The SASSI Institute is proud to announce our newest manuscript addressing adolescent substance abuse. The title of this article is Mandated Treatment for Troubled Adolescents and Substance Use Disorder: Identifying and Breaking Through Defensiveness and Denial. It provides an investigation of the defensiveness demonstrated by teens who are mandated to participate in treatment as compared to their non-mandated peers. Part of the data set we collected for The Substance Abuse Subtle Screening Inventory (SASSI) Institute’s third iteration of the Adolescent SASSI-A3, the present study focused on data from 164 mandated teens that participated in the principal study. As in the principal study, these cases were drawn from substance use treatment, criminal justice programs, community corrections, and private clinical practices, among other venues, and all cases were provided by clinicians working within these service settings throughout all U.S. Census Regions. In addition, we review cases demonstrating high-levels of defensiveness and denial in these mandated teen clients, and ethical ways to break through that barrier towards effective treatment engagement. Finally, we present two brief de-identified treatment case studies, aptly demonstrating defensiveness and denial from a clinical standpoint. We at The SASSI Institute are very proud of this work, and I want to personally thank my co-authors for making this work possible. The article is available free of charge as it was submitted as an open-access article distributed under Creative Commons Attribution 4.0 International License (CC BY 4.0), which allows readers to copy, redistribute, remix, transform, and reproduce in any medium or format, as long as the original authors are properly cited.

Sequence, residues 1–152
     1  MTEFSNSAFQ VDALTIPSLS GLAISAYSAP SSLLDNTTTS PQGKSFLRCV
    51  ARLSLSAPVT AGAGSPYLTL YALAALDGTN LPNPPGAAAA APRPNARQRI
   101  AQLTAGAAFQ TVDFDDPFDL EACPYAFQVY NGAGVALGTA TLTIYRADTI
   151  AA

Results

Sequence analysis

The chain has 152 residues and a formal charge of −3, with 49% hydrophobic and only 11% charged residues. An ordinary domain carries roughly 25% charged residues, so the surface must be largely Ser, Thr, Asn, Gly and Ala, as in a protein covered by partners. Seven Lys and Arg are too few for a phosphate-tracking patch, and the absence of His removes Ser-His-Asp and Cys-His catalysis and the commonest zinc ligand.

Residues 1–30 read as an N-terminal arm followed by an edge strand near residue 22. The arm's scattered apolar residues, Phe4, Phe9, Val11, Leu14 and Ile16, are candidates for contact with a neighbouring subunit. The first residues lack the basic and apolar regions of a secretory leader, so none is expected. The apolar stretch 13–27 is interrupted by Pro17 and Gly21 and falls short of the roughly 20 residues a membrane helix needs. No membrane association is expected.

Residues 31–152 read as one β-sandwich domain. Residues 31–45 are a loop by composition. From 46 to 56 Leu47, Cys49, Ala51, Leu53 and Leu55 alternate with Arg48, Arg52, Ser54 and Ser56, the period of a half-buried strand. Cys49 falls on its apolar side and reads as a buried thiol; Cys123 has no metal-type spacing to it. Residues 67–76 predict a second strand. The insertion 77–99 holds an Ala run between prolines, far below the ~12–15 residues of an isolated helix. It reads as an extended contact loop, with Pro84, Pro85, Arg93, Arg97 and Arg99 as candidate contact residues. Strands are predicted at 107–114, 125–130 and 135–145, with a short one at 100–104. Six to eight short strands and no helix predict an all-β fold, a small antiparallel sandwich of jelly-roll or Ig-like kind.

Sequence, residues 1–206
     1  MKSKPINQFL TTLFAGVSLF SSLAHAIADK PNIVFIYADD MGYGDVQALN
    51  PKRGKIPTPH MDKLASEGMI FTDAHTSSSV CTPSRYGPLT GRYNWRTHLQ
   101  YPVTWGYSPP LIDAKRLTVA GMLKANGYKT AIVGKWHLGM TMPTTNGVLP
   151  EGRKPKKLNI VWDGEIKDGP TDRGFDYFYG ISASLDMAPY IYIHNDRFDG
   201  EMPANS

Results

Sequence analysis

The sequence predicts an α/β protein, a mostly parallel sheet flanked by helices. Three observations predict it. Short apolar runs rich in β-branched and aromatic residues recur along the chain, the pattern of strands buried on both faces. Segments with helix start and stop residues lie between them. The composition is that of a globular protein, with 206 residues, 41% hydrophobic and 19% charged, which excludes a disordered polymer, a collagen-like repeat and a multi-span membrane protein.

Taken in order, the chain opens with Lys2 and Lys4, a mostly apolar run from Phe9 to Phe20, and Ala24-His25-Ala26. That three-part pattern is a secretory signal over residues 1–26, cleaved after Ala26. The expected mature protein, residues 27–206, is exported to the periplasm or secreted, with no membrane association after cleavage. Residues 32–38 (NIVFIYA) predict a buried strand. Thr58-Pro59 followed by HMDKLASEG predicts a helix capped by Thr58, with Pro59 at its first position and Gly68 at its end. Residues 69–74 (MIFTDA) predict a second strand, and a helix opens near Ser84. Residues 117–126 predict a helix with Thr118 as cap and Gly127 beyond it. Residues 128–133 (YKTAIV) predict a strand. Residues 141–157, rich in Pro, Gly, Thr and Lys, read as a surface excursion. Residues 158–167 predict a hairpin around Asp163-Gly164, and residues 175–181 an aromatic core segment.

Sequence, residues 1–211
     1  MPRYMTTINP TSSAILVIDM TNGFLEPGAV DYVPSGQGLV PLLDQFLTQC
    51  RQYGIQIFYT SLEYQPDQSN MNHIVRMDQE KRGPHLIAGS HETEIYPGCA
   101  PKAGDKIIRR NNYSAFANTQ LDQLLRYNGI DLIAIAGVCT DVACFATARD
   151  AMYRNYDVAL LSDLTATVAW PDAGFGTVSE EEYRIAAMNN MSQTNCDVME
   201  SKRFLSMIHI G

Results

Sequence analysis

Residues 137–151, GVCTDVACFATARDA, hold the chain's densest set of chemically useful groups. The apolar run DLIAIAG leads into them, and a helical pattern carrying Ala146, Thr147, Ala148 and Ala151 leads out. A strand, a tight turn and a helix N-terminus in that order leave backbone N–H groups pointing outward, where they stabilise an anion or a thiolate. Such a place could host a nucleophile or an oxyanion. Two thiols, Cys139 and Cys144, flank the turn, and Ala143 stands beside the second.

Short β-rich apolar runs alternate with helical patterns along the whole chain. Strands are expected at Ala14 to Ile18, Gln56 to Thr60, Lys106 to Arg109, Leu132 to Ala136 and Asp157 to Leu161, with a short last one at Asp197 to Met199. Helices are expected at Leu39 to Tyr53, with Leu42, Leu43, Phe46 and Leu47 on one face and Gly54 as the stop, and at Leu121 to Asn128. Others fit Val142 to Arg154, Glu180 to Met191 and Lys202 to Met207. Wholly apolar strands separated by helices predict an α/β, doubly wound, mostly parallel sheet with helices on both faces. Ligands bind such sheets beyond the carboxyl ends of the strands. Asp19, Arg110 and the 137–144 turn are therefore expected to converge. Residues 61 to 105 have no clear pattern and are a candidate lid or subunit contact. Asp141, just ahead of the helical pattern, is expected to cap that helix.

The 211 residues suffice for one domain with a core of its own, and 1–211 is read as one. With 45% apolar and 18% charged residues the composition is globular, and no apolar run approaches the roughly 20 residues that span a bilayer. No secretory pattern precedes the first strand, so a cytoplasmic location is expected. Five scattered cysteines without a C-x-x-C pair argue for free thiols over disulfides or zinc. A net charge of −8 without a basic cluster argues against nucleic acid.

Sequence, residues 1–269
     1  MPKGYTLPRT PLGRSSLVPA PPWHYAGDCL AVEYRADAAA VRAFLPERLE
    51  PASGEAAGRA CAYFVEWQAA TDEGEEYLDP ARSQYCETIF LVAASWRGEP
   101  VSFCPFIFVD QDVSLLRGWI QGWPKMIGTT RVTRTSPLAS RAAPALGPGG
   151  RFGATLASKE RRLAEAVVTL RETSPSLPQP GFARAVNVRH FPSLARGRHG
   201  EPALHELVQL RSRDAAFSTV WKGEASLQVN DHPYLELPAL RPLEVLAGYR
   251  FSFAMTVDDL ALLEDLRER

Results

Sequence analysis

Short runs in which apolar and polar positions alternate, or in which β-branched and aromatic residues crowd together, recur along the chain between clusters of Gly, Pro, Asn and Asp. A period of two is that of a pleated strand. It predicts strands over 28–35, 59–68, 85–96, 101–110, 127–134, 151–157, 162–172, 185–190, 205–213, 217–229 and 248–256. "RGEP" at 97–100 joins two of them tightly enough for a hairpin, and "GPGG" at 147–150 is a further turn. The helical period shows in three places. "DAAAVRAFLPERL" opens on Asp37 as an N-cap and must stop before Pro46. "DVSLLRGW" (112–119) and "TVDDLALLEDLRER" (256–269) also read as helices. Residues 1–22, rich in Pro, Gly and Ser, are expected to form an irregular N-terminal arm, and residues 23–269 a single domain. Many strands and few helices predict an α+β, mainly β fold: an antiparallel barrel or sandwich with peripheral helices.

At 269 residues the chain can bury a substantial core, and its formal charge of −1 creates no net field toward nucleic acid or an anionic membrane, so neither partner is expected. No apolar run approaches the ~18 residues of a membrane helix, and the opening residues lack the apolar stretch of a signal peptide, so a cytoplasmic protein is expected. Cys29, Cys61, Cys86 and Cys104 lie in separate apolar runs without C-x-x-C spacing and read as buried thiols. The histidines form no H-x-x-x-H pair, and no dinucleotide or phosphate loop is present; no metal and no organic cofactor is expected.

Reviewing an Adolescent SASSI-A3: Vaping Issue